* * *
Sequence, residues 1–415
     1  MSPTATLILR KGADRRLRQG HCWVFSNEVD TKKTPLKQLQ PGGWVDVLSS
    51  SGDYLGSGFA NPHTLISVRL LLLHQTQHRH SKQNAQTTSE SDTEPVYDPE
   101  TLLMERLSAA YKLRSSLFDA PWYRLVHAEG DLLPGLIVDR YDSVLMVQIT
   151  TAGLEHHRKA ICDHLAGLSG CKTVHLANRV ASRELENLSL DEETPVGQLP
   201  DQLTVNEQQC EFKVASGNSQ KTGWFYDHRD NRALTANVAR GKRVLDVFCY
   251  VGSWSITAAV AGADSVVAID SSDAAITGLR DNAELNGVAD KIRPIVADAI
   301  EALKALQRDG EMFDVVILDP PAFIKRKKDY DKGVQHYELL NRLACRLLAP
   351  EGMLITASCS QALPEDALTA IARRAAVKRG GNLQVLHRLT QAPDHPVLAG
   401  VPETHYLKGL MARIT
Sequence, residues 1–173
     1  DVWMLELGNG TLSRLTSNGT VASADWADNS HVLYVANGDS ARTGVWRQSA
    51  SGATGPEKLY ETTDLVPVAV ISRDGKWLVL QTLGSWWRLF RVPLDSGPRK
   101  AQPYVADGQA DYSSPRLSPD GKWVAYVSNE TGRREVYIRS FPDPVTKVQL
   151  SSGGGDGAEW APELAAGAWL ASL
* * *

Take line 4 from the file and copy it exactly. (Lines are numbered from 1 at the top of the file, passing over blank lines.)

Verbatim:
   101  TLLMERLSAA YKLRSSLFDA PWYRLVHAEG DLLPGLIVDR YDSVLMVQIT